One of the challenges of being a health care blogger is taking the language of grant proposals and peer reviewed journal articles and translating it into something that the average person can understand. A recent meeting I attended illustrates this fairly well.
Last week, I attended the “eConsults Study Core Team Kick-Off Meeting” where we discussed a new study, “An Evaluation of an Electronic Consultation (‘eConsult’) Platform to Increase Specialist Access for Patients in Underserved Populations: Impact on Wait Times, Cost and Access Disparities”. Or, in other words, how can we make it easier for our doctors to speak with other medical experts to make sure our patients get even better health care?
The meeting was a video conference with over a dozen participants getting into nitty gritty details about how CHC can use our electronic medical record system to send information about a patient from one of our primary care providers to a specialist to get recommendations for the patient’s care. There are plenty of issues that need to be addressed that most people don’t even think of.
One of the top issues is patient privacy. You want to make sure that the right information gets to the right people. First and foremost, CHC needs to make sure that the patient has given permission for any information to be shared with doctors outside of CHC. Systems have to be set up so that the data is protected, so no one else can read it while it is being sent to other doctors and so that it is as easy as possible for doctors to send and receive medical information.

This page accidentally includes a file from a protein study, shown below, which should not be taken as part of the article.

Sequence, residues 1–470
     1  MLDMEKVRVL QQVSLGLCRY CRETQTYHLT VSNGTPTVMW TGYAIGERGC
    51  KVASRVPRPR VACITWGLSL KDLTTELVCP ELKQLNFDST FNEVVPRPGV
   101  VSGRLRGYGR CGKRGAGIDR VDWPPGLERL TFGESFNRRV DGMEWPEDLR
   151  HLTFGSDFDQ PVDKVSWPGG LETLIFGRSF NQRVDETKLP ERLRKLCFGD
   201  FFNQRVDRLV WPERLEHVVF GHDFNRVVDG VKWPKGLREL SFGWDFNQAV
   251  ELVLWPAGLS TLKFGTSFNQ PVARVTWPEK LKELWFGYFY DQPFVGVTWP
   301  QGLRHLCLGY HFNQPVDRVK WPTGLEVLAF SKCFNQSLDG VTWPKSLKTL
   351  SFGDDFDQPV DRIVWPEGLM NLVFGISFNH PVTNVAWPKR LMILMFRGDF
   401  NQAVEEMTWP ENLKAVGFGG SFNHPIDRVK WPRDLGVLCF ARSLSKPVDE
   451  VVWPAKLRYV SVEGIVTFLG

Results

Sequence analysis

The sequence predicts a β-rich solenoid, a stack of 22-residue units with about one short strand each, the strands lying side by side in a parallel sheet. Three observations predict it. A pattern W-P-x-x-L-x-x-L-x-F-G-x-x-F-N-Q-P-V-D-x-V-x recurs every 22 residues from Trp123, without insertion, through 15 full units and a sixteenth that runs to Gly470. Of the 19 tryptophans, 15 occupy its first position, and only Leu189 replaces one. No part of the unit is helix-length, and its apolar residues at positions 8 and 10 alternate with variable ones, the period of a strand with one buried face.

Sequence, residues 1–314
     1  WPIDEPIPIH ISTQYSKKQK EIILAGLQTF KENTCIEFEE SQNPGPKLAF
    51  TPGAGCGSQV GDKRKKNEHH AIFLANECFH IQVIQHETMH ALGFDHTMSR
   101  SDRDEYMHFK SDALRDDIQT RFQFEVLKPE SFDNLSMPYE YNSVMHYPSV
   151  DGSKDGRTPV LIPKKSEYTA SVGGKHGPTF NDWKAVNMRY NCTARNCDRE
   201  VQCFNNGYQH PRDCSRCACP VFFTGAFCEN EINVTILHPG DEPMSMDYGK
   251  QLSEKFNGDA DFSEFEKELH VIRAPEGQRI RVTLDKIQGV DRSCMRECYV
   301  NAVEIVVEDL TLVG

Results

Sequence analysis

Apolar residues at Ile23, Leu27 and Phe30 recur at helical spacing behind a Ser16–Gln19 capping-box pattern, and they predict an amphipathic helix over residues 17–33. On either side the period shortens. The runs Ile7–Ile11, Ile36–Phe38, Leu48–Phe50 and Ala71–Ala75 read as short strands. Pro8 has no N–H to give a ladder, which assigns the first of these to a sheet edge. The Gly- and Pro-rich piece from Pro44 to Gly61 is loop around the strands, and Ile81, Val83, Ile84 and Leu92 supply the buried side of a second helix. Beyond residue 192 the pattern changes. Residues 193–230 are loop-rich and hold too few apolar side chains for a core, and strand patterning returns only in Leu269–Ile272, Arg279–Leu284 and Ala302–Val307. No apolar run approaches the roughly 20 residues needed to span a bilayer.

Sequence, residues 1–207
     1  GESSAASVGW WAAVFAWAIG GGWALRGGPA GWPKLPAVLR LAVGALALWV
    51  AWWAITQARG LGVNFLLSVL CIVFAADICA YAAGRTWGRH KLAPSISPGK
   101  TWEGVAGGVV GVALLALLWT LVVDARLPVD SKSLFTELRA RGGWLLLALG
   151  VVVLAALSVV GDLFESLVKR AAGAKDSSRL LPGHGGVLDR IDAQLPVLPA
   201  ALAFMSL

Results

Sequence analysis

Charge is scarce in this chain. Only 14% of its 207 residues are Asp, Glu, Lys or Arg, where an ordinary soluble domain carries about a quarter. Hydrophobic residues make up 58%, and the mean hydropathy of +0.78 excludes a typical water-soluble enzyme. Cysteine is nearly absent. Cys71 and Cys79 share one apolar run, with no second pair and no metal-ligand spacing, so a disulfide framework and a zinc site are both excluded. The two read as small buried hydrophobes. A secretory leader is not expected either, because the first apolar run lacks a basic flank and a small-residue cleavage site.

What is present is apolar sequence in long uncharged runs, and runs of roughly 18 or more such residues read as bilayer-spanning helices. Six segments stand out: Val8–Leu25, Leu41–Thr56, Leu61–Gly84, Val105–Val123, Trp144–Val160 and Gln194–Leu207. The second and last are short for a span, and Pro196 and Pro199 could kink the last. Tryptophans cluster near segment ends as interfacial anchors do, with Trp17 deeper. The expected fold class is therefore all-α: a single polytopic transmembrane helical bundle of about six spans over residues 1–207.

Yet why are e-Consults so important? Often, patients don’t end up seeing a specialist when their doctor recommends it. In one review, nearly two thirds of patients that were told to see a heart specialist didn’t make it to an appointment with the specialist. There are lots of reasons for this. Often, specialists are so busy, that appointments can’t be made for over half a year. Even when an appointment can be made, they aren’t always easy to get to, especially if they are in distant towns without public transportation.
On top of this, the specialist might not really need to see the patient. With the right systems in place, a patient’s regular doctor can gather all the necessary information that the specialist needs and send it off to the specialist for an ‘e-Consult’. The specialist, after reviewing the information can send a message back to the regular doctor, who could then make sure that the patient gets the care they need.
Not only would such a system get the patients the care they need sooner, and avoid requiring them to travel a great distance, but such a system could also save money and make it so that those who normally wouldn’t be able to get help from a specialist would be able to do so.
At least, that’s the idea. Here at CHC, however, we try to approach things scientifically, so we’re looking at ways of measuring what sort of impact rolling out a system to make e-consults easier and more frequent really has. Stay tuned for results.
The current project is looking at improving access to heart specialists, but the idea and practice isn’t new to CHC. We use digital cameras to take pictures of diabetic patients’ eyes which we send off to specialists to see if the patient is at risk of losing eyesight because of their diabetes. Recently, we started another project where our doctors speak with specialists in hepatitis in a weekly video conference so our doctors can find the best way treat the hepatitis.
When you get right down to it, for the average person, telemedicine isn’t really as complicated as it seems. It is just finding easier ways for doctors to share information and find the best ways to treat patients.